ESPN2 morning co-anchor Dana Jacobson is back at work after a week’s suspension for her drunken, foul-mouthed tirade at a public dinner.

At the beginning of the Jan. 28 program, the first since her suspension, Jacobson offered a rather cryptic apology:

I want to once again say how truly sorry I am for my poor choices and bad judgment that night. I’ve taken responsibility for what I did say and do that night.

What’s cryptic about it, of course, is the phrase "what I did say and do". Certainly no one should expect her to apologize for anything she did not do, so the use of the word ‘did’ is redundant and indeed confusing.

Evidently her intent was to imply that she did not say the most offensive thing attributed to her: "F— Jesus!"

Yet neither Jacobson nor her ESPN bosses has denied that she said it. Hence the use of the word ‘did’ is obviously intentional dissembling.

Little wonder, then, that the Christian groups prominent in the public calls for her firing are not satisfied. As the Christian Newswire reports:

After a lengthy meeting with the Christian Defense Coalition, ESPN executives will not deny that Dana Jacobson said "F–k Jesus" or a similar expression at an ESPN event.


The Coalition continues to call for ESPN to release the video tape from the event or a verbatim transcript of exactly what Jacobson said.

The Christian Newswire story then goes on to editorialize—accurately—about what ESPN’s actions in the case say about the media giant:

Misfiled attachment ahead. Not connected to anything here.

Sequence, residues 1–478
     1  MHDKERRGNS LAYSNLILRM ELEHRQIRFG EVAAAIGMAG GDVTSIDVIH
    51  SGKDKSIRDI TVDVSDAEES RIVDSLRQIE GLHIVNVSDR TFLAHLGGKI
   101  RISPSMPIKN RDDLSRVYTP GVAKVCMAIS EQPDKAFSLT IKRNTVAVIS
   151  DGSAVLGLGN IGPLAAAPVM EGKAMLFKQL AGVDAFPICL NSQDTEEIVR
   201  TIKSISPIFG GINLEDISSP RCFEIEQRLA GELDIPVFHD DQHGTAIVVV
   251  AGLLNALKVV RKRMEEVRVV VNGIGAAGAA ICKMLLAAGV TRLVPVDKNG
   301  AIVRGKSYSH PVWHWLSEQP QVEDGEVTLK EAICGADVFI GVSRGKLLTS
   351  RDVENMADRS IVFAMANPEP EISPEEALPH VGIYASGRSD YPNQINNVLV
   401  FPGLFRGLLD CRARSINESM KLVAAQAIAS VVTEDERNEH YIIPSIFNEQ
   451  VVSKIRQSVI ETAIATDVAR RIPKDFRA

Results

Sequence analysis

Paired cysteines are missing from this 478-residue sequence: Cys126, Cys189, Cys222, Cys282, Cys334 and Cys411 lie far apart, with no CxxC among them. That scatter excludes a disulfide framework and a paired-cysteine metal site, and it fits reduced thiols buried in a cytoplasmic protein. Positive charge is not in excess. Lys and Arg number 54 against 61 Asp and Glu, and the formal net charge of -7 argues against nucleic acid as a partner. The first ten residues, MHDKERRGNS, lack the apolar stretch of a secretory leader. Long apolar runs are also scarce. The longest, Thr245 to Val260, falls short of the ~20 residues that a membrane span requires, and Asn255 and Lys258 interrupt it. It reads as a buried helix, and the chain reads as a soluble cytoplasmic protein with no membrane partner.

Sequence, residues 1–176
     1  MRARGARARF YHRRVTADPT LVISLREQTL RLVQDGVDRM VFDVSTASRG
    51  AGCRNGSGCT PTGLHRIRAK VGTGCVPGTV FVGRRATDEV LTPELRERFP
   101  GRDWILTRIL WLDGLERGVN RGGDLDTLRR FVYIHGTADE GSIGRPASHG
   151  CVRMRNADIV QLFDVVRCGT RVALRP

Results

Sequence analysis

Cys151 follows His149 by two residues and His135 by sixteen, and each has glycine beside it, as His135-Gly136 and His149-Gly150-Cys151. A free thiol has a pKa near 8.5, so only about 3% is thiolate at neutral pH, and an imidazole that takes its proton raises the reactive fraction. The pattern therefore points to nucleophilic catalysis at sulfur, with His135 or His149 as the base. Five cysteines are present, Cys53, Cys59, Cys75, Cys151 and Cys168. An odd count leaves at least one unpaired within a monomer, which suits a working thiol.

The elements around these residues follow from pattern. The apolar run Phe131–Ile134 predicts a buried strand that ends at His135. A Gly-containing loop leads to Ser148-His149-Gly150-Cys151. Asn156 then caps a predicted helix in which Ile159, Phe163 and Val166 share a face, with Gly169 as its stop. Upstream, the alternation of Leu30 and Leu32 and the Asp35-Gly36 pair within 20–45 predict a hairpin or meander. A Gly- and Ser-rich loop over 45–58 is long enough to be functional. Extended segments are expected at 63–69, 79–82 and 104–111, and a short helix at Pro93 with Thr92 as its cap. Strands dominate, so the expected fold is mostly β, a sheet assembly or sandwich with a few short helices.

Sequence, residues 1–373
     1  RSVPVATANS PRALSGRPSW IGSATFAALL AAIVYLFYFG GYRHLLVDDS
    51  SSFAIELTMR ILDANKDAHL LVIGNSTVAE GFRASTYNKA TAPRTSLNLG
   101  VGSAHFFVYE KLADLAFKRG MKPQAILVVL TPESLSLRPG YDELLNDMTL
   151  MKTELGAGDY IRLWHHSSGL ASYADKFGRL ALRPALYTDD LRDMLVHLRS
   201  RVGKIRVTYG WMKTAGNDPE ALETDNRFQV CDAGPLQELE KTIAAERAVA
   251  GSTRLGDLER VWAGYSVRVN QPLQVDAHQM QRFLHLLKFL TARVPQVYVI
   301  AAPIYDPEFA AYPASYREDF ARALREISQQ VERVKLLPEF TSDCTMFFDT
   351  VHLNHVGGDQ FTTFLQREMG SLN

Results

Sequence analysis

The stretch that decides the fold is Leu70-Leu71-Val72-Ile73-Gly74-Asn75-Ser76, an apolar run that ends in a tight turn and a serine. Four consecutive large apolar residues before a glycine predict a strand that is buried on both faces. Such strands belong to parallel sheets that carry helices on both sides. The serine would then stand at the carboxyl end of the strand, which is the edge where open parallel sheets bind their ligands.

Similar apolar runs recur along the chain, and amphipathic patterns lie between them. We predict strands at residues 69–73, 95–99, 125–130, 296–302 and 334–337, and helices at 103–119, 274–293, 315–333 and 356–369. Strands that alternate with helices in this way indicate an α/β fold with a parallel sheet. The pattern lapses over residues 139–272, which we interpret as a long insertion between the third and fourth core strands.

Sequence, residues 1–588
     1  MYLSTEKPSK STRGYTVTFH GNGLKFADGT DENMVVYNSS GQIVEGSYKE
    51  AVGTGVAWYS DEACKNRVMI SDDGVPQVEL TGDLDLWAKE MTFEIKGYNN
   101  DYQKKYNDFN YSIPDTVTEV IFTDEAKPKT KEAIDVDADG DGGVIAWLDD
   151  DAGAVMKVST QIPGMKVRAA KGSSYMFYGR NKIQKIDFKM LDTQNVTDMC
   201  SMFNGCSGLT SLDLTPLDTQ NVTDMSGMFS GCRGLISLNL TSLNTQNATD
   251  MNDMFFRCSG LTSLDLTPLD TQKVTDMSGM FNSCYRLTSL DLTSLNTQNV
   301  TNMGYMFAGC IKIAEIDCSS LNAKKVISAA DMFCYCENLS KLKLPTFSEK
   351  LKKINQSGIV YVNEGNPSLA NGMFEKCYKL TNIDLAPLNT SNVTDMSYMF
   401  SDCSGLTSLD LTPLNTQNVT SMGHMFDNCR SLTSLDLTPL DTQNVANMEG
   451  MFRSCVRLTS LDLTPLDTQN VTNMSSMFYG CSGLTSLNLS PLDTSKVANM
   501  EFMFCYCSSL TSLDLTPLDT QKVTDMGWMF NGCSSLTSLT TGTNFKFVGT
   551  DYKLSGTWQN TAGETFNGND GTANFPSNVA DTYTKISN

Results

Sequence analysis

ESPN also confirmed that do not believe that any insensitive or discriminatory religious speech took place and that Ms. Jacobson was suspended for "her behavior" and not for anything that she said.


So, it appears that using the term "F–k Jesus" or a similar expression in the workplace by an ESPN employee does not merit suspension or discipline.

The story quotes Christian Defense Coalition Director the Rev. Patrick J. Mahoney as saying, "over and over again in our discussion with them, ESPN made it clear that Ms. Jacobson was not fired for her speech or comments she made. She was disciplined only for her behavior. In other words, ESPN does not believe any offensive or discriminatory religious language took place."


In her on-air apology, Jacobson made an interesting universal moral statement:

Mistakes do not define us. It’s how we respond to those mistakes that does. I hope you forgive me, and allow my future to define me.

I hope that Ms. Jacobson will not be overly disappointed if few of us take her up on her exceedingly kind offer to serve as a moral guidepost.